As it is still early in the season John managed to reserve a berth at the tiny marina of Sausset Les Pins. It is nearly forty miles away, so we set off early after returning our gate key when the office opened at seven. We very much enjoyed our stay at Le Grande Motte, everyone there was most friendly, the bars and restaurants were good and the food shops superb. Though we had to motor in the light breeze, it was not an uneventful journey.
The shoreline had receded to nothing, but on the chart screen we could see the lacy fretwork of the Rhone delta that we were passing. At around eleven thirty John spotted our first dolphins of the season, a pair swimming side by side off to port. A short while later we were startled by the influence of the mighty Rhone. From the low shore to the far horizon stretched a line in the water. On our side of the line the sea was deep blue and smooth, on the other side it was a milky green and choppy. We crossed over into the green and the air smelled differently, though it is hard to say how. The current from the river seemed to be drawing us in rather than pushing us away, and John adjusted our course. A floating branch alerted us to the difficulty of spotting debris in the small waves, we kept a close watch and had to swerve to avoid a larger log. As we came closer to the actual mouth of the Rhone the silt in the water gradually turned it brown.
Our course took us across the traffic separation zone for Port Napoleon. This is a sort of dual carriageway of the sea. It is indicated on the chart, traffic using it must conform to the lanes in and out and those wishing to cross must do so at right angles, get on with it and give way to bigger less manoeuverable vessels. To either side of the zone we could see big cargo ships at anchor, with corresponding stationary AIS darts on the screen. Nothing had been moving all morning, then just as we approached two darts started coming out, one behind the other. Looking out to port we spotted them, the first a big red cargo ship, the second slightly lower, but just as big and black. John called up their data on the chart. The closest point of approach for both given our current speed and course was about half a mile. This meant we were due to pass between them. Half a mile sounds a lot, but I can tell you it’s a bit daunting when vast steel hulls are bearing down on you. I sat by the screen calling out distances of closest approach as they changed on the chart. John stood at the wheel, nudging our speed up to find out the effect on the two distances. He throttled up to eight knots as the first ship passed by and we were easily through the gap before the second arrived. There were acres of space, but it was not something we do very often and we both breathed a sigh of relief afterwards. The rest of our journey passed without incident, even the change back to blue water was gradual.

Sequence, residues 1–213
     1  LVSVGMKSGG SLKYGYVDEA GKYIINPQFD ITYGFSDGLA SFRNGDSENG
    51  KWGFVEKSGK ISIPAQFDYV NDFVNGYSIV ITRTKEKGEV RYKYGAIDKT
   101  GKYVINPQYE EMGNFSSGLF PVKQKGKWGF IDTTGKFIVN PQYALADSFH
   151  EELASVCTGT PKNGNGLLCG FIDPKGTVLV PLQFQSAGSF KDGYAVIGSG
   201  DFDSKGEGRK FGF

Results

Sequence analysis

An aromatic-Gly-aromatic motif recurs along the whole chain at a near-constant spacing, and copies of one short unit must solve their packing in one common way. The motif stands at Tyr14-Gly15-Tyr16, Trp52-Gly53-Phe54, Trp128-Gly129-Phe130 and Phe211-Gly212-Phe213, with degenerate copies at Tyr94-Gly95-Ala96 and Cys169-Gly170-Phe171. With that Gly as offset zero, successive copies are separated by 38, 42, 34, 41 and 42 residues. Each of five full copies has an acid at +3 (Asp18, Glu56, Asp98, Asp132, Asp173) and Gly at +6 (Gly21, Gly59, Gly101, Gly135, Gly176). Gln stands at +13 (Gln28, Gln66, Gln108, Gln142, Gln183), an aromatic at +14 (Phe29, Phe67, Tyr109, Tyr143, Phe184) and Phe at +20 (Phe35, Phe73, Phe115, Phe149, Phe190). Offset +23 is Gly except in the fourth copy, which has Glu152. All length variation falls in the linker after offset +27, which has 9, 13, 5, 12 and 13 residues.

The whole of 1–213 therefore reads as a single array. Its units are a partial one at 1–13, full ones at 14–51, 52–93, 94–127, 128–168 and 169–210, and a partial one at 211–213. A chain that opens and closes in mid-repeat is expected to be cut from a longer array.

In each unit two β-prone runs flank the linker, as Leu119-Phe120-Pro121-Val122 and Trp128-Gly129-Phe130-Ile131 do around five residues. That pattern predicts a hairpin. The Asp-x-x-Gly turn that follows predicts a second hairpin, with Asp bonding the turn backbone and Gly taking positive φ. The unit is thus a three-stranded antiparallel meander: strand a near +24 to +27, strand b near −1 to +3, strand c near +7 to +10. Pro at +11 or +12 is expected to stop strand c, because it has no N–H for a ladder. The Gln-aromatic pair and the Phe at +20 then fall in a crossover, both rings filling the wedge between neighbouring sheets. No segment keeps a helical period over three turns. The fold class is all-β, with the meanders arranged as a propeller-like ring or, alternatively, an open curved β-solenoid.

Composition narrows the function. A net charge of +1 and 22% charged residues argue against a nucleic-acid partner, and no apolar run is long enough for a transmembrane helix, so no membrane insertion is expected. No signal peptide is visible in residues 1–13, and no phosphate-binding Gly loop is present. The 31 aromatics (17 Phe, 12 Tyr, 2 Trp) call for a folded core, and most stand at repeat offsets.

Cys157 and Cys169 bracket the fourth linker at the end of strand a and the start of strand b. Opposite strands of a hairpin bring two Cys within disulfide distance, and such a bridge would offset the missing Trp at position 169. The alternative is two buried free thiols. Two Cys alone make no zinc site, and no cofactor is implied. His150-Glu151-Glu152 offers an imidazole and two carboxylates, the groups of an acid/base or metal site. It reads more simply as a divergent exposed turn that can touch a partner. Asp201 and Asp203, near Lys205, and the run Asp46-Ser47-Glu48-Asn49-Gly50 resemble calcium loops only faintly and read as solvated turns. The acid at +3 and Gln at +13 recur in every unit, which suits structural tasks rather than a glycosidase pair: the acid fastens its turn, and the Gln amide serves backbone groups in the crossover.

Sausset les Pains looked very pretty, with what looked like a chateau ashore. We called up on the radio and the marinera came out and waved us past the reception quay and straight to a berth alongside a smaller yacht. He took our stern lines and passed us a lazy line, which John fed along Lyra. I asked the marinera if there was just one line just as John discovered it ended in chain rather than rope, a new wrinkle. The marinera explained we needed to thread a rope through the chain and tie off. Luckily I had put a bowline on, so I went up and helped thread that through. This was not a stress free experience, but is much easier than poles and the chain is very secure holding. We headed off to the bar wondering what new torture awaited us tomorrow in Bandol.